Masks of this type rose to popularity in the Late Period of Ancient Egypt. They likely had both a decorative and symbolic role, as the burial of the dead in Ancient Egypt was an elaborate and ritualised process. Their unnaturalistic style and the similarities between beaded mummy masks in general make it unlikely that they were modelled after the face of the deceased individual; they seem to have more likely been generic images of a dead human face as the absence of expression and the blue-greenish skin complexion could indicate. However, such masks have also been interpreted as visual representations of the god Osiris – himself also a dead being – frequently depicted in the tombs with an identical skin-colour. Winged scarabs were usually modelled in faience and placed as pectoral embellishment on the chest of the mummy. In this case, the scarab, symbol of re-birth and regeneration, has been sewed together with the mummy mask. According to mythology, the Four Sons of Horus each were attributed a different organ to protect. For Imsety, the liver; for Duamutef, the stomach; for Hapi, the lungs; and for Qebehsenuef, the intestines. As the heart was believed to be the resting place of the soul, it was not removed from the deceased. The brain, on the other hand, was thought to be inconsequential, so was scrambled to liquid, removed with metal hooks and then discarded. The four protected organs were removed from the body, embalmed, and then stored in their corresponding jar.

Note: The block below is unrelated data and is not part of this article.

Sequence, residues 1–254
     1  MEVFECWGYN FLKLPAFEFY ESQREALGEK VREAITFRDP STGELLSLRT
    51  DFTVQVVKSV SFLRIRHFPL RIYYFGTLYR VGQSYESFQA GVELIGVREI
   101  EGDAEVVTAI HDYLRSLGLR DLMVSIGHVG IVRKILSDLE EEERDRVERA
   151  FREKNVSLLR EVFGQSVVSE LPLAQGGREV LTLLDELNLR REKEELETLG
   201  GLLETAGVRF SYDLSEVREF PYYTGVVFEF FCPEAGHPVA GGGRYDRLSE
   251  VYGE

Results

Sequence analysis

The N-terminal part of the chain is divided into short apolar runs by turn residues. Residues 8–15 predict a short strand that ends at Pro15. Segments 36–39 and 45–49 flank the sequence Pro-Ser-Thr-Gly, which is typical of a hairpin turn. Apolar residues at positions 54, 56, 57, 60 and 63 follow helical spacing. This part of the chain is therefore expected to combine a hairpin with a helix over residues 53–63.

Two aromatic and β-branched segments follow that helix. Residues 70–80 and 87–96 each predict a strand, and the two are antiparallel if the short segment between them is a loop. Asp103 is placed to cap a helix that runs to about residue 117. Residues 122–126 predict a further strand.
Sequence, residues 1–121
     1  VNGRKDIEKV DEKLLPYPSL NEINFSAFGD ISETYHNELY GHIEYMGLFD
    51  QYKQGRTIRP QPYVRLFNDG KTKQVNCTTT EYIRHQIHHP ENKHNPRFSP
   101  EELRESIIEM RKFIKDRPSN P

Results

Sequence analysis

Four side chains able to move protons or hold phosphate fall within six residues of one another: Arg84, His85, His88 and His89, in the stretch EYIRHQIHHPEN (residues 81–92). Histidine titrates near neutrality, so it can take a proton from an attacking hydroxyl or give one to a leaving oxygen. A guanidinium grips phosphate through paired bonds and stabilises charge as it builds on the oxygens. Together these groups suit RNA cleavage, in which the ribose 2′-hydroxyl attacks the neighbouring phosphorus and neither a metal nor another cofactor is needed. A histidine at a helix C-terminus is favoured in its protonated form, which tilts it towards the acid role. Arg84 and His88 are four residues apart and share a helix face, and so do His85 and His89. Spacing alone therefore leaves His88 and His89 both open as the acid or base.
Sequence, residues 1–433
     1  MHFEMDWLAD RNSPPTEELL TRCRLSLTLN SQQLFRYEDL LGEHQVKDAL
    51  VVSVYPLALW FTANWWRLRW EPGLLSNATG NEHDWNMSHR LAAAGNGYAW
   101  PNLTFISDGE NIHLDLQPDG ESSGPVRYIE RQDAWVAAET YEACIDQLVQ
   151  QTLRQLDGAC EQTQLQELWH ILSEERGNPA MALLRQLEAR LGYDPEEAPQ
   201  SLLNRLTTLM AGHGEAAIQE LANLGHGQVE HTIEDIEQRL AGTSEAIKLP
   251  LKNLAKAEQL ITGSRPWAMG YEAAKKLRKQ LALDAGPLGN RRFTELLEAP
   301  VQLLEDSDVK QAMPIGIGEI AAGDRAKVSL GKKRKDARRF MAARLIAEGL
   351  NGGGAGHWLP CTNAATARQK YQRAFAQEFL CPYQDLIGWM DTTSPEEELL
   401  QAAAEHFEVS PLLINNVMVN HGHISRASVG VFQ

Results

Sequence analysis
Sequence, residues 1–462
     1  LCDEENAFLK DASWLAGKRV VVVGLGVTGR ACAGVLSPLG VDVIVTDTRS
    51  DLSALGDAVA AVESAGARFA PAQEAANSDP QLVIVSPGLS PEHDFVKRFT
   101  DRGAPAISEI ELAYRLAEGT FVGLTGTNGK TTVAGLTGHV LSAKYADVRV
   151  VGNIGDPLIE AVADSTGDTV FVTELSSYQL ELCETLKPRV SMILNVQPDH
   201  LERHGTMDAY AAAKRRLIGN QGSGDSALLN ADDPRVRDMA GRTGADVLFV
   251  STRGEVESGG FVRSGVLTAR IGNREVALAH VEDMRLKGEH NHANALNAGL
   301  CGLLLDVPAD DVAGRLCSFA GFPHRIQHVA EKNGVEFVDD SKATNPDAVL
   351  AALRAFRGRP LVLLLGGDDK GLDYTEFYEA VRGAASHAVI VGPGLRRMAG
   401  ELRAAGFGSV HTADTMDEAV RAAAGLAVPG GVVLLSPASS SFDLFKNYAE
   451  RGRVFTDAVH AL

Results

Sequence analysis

Beaded Mummy Mask with Funerary Face, Four Sons of Horus and Winged Scarab
A fine Egyptian mummy mask made of small faience beads, restrung in their original arrangement. Green, turquoise blue, red and cream tones have been used to render in a highly stylised manner a human face with a neutral expression. The large trapezoid eyes, long thin eyebrows, broad nose and small mouth are arranged in a perfectly symmetrical manner. The mask is enriched by a tripartite panel under the chin of the mask, which shows a beaded composition forming a winged scarab, rendered in multi-coloured faience beads. Under the beaded scarab are the Four Sons of Horus, Imsety, Duamutef, Hapi, Qebehsenuef. It is very rare to have this enlarged group rather than just the face. Elongated faience beads frame the entire composition. Such mask would have been placed over the face of the deceased at their burial, in a similar manner to the better-known cartonnage mummy masks, mostly for decorative or protective purposes.
Period: Late Dynastic Period
Provenance: From Mariaud de Serres collection, Paris 1980-90s.
Condition: Extremely fine, restrung.